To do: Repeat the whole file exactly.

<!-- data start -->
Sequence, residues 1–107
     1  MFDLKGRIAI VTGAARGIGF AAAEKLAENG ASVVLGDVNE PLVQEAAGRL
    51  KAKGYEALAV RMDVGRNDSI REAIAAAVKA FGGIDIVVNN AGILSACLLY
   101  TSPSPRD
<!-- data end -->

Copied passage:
Sequence, residues 1–107
     1  MFDLKGRIAI VTGAARGIGF AAAEKLAENG ASVVLGDVNE PLVQEAAGRL
    51  KAKGYEALAV RMDVGRNDSI REAIAAAVKA FGGIDIVVNN AGILSACLLY
   101  TSPSPRD